If you or your teams are interested in learning more about EventsAir and the other supported tools available for running events, you can find out more on the Online and Digital Events Service webpages at www.ed.ac.uk/digitalevents . The Online and Digital Events Service can help you get started, and recommend which route is most appropriate to your needs. The Online and Digital Events Service can also connect you with the EventsAir User Group that has been set up to enable adopters to share learning and good practices.  

UniDesk Turns 10

UniDesk recognises a decade of providing shared information technology services across Higher Education

UniDesk, the shared service management solution, celebrates its tenth anniversary this Wednesday November 18th, 2020. Delivered in partnership with TOPdesk software, UniDesk offers streamlined service management across the higher education sector.

Founded in 2010 by University of Edinburgh, University of St. Andrews and Abertay University, the UniDesk solution incorporates information technology (IT) processes, guidance and support tailored to further and higher education. Its members collaborate to share costs, administrative knowledge and best practices with one another.

Service Owners Dawn Dodd and Catherine Hetherington are proud to be a part of the UniDesk community, helping to shape its future. “Higher Education needs are more complex than logging calls just for an IT function. Our service is used by different groups across the institutions and we need to ensure that UniDesk evolves to meet the needs of an ever changing and expanding community. UniDesk is scalable which is vital for our large operator base and even larger user base,” said Dawn.

In the past ten years UniDesk has grown its user community to 11 member institutions with almost 969,000 registered users and over 1.4 million calls logged collectively in 2019-2020. In recent years, the membership began hosting annual in-person conferences, pre-conference socials and forums as an opportunity to share their UniDesk experiences, continually improve the service and connect as a community.

To further enhance the partnership, UniDesk also launched the UniDesk Share space for members to support one another and share resources. The Microsoft Teams site includes a repository of videos, start-up guides and quick reference documents for members to rebrand and use in their local settings.

“It feels the UniDesk community has really moved forward in the past 2 years since we joined and there have been some rapid developments. The launch of UniDesk Share to encourage collaborative discussions on common problems has been a very positive step forward,” said Mike Burns, Learning and Information Services Manager at University of Highlands and Islands. “The conferences have been useful to bring teams together and put faces to names, especially for the institutions we work with outside of Scotland.”

Underpinning UniDesk’s continued success is the ethos of sharing and collaboration as part of the solution developed for Education by Education. Members often request advice from other members with years of experience as they develop in their service management journey. UniDesk also benefits from regular support and knowledge shared by an experienced team of dedicated University of Edinburgh staff. Additionally, each of the member institutions is given a seat on the UniDesk governance board and is involved in the future direction of the solution.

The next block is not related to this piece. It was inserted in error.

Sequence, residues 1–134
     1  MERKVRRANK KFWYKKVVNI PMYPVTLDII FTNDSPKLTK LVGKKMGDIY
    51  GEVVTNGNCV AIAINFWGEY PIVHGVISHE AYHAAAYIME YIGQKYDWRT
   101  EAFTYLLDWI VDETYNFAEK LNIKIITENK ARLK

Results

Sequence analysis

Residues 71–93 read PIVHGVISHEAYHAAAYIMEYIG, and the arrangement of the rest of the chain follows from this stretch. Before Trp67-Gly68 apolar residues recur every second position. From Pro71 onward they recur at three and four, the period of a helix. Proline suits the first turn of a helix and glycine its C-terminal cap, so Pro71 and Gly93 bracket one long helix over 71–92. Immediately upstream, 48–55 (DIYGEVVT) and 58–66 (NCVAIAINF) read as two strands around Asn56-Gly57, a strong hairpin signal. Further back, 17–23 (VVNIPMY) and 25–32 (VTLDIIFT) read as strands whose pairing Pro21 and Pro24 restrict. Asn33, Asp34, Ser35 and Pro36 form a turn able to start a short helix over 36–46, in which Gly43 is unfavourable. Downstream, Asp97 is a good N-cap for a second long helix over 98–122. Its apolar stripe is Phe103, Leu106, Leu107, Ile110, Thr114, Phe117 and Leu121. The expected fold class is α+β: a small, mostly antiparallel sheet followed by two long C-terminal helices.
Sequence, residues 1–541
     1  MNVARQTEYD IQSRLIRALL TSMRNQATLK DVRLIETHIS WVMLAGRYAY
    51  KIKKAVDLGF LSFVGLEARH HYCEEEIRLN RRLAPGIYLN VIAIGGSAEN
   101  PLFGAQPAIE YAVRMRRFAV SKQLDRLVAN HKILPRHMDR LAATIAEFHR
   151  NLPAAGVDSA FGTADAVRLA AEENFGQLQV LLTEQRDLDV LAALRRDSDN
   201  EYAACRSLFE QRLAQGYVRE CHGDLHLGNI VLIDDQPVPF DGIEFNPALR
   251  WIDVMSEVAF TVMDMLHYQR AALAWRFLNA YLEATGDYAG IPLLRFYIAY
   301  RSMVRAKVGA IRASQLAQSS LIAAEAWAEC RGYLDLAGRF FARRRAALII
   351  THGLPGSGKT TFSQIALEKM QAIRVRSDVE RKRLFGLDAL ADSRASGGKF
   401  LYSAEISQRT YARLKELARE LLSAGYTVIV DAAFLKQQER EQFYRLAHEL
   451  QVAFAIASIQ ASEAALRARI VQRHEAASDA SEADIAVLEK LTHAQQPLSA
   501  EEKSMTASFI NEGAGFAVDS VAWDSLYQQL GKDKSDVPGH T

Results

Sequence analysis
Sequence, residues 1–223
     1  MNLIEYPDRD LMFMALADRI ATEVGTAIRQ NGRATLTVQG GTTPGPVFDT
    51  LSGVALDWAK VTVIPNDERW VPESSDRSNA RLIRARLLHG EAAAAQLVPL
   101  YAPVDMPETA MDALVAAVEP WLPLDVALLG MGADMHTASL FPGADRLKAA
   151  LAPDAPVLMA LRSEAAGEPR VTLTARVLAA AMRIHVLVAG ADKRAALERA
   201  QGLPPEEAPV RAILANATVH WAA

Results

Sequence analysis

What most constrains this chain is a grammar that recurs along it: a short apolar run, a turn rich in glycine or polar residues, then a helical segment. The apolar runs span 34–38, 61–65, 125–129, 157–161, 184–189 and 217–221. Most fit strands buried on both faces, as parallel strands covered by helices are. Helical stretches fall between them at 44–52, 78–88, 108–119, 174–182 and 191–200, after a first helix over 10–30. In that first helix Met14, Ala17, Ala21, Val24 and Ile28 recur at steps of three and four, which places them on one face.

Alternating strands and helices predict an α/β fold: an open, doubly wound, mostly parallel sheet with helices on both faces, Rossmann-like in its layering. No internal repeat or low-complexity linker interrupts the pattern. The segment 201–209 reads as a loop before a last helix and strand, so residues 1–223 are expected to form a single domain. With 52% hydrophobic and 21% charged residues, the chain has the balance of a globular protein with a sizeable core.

“UniDesk for us was ultimately a very neat solution in procuring a compliant system for our needs in a relatively short space of time, but also in the full knowledge that the wealth of experience and skills behind the product would provide us with continued ongoing support. Utilising the experience of the other institutions has led to some great collaborative working and new relationships which have proved fruitful,” said Mike.

UniDesk remains committed to growing and evolving with user needs and a changing education environment. UniDesk has recently moved to TOPdesk’s software as a service (SaaS), enabling Chat functionality and opportunities for improved Asset Management. Looking ahead to the future, UniDesk aims to ensure continuous service improvement through streamlined upgrades, provision of the API and improving overall resilience for the service.

“The move to TOPdesk SaaS will help us on our continual service improvement path. Our membership can look forward to seeing new features as we develop the service for the future,” said Catherine.

UniDesk’s current member institutions include: University of Edinburgh, University of St. Andrews, Abertay University, Sheffield Hallam University, Ulster University, University of Stirling, Edinburgh Napier University, Durham University, University of the Highlands and Islands, Royal College of Art and University of Malta.

To learn more about UniDesk, stay up to date on the latest news and engage with members visit the UniDesk website or UniDesk Twitter.

Our International Shared Service

L-Universita ta Malta to join the UniDesk Service taking our membership total to 11!

UniDesk is an unique offering within the Education Sector. We provide a fully managed ITIL based shared service management solution, extensively tailored for Higher and Further Education, delivered in partnership with TOPdesk and backed by specialist support from the University of Edinburgh. The value realised by our members from being part of the UniDesk service is much greater than the functionality delivered from the modules on offer. As a managed service we provide the ITIL-aligned processes for the core modules and a streamlined implementation process.